Pembient is a new biotech company in Silicon Valley that has introduced an unconventional idea that has considered the importance of preserving and respecting people’s cultural and traditional ways of life. The company’s ambitions involve leveraging the latest developments in biotechnology to manufacture wildlife products, such as rhino horn and elephant ivory, at lower market prices than those that drive the demand in poaching. With the black market valued at around $20 billion, Pembient’s ultimate goal is to replace the illegal wildlife trade, with sustainable commerce. The company has so far developed prototypes for synthetic rhino horns using 3-D printing technology.
A Snapshot Profile of Matthew Markus
Matthew Markus is an experienced technologist who co-founded Pembient with George Bonaci and is the biotech company’s current CEO. Markus has co-founded the startups in the mobile, genomics, and internet sectors.
Education: University of Illinois at Urbana-Champaign and the University of Washington, St. Louis
Organisations founded: iHear Network, Mendelia, and PrivacyBank.com
The Phresh Interview
Phil Rodriques (PR): What is Pembient truly passionate about?
Matthew Markus (MM): So obviously we’re really passionate about conservation, but I don’t really consider myself a conservationist. I think we’re sort of interested in, well I’m personally interested in solving complex problems and I think the poaching crisis is a complex problem. I mean you have lots of things going on. You have governments; you have black market syndicates; you have technology; you have economics; you have different languages; different cultures. I mean it’s a complex problem and I guess that is very attractive to me, because there are lots of things you need to learn, lots of things you need to understand and you have to figure out the best way you can probably have an impact on that problem. And that’s what I’m kind of passionate about I guess.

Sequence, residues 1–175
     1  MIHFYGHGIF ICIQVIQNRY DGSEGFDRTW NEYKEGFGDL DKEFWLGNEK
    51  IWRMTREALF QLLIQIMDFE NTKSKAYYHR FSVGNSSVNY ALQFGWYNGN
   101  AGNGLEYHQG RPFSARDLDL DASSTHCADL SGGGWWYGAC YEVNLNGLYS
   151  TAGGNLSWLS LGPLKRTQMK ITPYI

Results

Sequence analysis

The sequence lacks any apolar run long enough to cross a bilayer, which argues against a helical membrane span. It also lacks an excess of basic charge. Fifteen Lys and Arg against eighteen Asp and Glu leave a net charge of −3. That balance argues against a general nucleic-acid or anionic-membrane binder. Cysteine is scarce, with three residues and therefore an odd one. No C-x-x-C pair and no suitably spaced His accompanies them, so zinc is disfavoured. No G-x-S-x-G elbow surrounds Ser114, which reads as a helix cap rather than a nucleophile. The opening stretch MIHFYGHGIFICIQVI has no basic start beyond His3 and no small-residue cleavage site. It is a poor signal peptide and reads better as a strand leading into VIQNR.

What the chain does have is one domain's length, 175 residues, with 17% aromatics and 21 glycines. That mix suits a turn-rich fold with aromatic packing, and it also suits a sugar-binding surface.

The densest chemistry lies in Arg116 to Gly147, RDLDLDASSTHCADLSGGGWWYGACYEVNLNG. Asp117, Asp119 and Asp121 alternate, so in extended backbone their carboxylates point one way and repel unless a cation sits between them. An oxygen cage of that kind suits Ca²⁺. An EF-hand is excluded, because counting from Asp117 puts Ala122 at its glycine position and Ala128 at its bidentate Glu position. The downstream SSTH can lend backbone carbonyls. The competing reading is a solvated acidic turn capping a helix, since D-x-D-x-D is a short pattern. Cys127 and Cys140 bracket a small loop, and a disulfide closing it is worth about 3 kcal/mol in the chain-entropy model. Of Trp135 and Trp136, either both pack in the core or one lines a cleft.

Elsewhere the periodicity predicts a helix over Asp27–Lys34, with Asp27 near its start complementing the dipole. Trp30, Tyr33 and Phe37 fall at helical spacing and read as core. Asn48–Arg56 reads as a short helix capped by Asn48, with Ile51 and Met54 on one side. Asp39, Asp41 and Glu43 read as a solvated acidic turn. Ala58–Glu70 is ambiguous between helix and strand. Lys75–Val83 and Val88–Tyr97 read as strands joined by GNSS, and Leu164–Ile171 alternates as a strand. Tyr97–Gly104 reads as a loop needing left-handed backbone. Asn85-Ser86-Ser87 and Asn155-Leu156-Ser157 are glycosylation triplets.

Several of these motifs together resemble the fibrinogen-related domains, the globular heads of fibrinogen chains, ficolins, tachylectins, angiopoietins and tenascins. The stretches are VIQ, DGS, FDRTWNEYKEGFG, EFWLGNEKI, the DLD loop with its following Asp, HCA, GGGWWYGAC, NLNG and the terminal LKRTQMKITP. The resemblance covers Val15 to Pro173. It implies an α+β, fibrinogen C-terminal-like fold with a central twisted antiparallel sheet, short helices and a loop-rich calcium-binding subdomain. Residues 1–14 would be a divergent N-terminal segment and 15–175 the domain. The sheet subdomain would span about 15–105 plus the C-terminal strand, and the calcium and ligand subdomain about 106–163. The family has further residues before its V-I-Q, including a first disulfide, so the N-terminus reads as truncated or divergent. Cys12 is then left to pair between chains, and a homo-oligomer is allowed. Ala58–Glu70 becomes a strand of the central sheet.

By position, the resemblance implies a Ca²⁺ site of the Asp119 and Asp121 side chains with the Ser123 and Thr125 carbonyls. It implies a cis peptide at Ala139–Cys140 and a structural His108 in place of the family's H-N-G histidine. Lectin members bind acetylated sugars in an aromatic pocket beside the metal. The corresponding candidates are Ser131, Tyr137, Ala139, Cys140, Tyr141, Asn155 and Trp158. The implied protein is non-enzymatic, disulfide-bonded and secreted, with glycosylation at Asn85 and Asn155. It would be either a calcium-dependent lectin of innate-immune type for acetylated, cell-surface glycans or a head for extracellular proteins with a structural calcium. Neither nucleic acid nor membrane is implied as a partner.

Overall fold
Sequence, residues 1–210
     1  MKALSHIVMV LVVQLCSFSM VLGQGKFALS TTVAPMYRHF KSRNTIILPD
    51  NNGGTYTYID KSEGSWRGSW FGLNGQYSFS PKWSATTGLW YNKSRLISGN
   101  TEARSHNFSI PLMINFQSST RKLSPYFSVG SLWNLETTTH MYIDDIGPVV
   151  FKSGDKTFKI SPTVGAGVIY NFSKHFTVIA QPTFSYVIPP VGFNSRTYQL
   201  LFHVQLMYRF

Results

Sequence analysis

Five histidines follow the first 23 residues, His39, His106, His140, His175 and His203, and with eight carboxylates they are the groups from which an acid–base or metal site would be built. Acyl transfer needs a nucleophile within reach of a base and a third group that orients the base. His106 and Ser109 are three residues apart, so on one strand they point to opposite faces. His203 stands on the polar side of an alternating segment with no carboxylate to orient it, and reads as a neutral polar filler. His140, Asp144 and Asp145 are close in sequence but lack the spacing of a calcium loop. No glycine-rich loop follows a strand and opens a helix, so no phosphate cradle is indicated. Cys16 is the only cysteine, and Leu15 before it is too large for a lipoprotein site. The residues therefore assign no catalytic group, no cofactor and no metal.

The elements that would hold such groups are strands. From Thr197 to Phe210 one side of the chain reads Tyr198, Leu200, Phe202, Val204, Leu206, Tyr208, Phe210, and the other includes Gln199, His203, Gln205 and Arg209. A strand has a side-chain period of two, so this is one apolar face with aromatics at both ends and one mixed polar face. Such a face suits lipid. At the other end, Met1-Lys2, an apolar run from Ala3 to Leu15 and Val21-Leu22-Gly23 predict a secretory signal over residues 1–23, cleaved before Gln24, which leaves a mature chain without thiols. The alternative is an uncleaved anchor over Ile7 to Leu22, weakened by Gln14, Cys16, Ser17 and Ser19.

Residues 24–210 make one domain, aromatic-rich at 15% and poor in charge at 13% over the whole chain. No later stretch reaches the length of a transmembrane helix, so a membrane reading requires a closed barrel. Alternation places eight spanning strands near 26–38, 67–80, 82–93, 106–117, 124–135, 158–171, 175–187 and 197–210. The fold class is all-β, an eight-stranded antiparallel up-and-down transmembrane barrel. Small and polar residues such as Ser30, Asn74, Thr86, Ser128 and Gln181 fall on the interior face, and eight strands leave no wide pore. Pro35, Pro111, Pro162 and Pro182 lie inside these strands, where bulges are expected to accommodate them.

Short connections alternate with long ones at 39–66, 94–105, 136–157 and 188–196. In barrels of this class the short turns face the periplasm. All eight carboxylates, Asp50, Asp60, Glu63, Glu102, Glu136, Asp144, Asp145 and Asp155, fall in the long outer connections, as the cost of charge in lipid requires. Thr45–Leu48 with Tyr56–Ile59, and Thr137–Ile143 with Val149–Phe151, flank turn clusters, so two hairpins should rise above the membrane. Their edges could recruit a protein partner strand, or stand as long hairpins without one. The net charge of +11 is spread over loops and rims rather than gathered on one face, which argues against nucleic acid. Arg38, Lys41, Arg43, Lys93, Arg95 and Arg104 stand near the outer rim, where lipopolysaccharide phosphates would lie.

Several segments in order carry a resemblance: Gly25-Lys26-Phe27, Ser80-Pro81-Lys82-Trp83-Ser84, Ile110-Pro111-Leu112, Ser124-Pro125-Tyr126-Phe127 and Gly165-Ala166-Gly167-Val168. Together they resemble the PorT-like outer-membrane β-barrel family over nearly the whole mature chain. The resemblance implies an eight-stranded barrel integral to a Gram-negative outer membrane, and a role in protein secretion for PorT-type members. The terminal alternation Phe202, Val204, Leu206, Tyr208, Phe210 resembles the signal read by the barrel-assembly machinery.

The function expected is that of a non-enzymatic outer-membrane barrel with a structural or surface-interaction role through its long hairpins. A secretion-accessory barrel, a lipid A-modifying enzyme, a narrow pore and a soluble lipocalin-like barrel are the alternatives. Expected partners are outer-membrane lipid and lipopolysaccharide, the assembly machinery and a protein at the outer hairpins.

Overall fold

PR: Why create Pembient?
MM: Well, okay so the approaching crisis for rhino started around 2006, so that’s going on nine years ago now. It’s slowly crept up over time and if you look at the compounding annual growth rate of poaching in the last five years is like 30%. So last year was a record year, 1,215 and this year it’s unfortunate, because the government isn’t releasing figures at regular intervals like they use to do, but there are estimates at (I don’t know), maybe 580 to 390 have been killed or 360. Again it’s on track to be another record year, this year. I think we said a lot of “standard conservation techniques” have been tried and basically if you measured the results of those techniques, obviously you’d probably come to the conclusion that they’re failing. So you can measure the number of rhinos killed, you can measure the growth rate in poaching, you can measure a lot of different things. But none of these trends, none of these statistics are positive in anyway and that’s after nine years of effort. So basically I think we said well, are there other opportunities or other ways or processes that can be used here in order to basically counter the poaching and I think there are and I think basically if you look at the West with fur products, like there’s three things that go on with fur products, right: there’s effective laws and regulation governing fur products; there’s basically organisations like PETA looking to reduce the demand or consumption of real fur; and then there’s also substitute fur products, for people who still like the feel or look of fur without necessarily harming animals.